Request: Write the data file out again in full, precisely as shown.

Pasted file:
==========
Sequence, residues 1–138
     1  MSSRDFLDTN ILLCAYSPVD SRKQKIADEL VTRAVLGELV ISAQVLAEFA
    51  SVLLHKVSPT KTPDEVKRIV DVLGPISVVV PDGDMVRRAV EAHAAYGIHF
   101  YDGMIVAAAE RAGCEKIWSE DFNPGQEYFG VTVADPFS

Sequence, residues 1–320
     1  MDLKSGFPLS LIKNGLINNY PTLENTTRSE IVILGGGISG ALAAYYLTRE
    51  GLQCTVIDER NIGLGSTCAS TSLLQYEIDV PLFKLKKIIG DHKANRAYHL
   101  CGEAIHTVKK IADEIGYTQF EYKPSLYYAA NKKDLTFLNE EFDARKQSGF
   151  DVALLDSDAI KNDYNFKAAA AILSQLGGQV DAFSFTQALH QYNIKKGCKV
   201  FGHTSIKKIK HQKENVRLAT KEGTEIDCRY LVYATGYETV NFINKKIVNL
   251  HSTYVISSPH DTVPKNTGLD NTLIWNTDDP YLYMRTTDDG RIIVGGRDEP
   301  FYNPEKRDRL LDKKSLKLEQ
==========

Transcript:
Sequence, residues 1–138
     1  MSSRDFLDTN ILLCAYSPVD SRKQKIADEL VTRAVLGELV ISAQVLAEFA
    51  SVLLHKVSPT KTPDEVKRIV DVLGPISVVV PDGDMVRRAV EAHAAYGIHF
   101  YDGMIVAAAE RAGCEKIWSE DFNPGQEYFG VTVADPFS

Sequence, residues 1–320
     1  MDLKSGFPLS LIKNGLINNY PTLENTTRSE IVILGGGISG ALAAYYLTRE
    51  GLQCTVIDER NIGLGSTCAS TSLLQYEIDV PLFKLKKIIG DHKANRAYHL
   101  CGEAIHTVKK IADEIGYTQF EYKPSLYYAA NKKDLTFLNE EFDARKQSGF
   151  DVALLDSDAI KNDYNFKAAA AILSQLGGQV DAFSFTQALH QYNIKKGCKV
   201  FGHTSIKKIK HQKENVRLAT KEGTEIDCRY LVYATGYETV NFINKKIVNL
   251  HSTYVISSPH DTVPKNTGLD NTLIWNTDDP YLYMRTTDDG RIIVGGRDEP
   301  FYNPEKRDRL LDKKSLKLEQ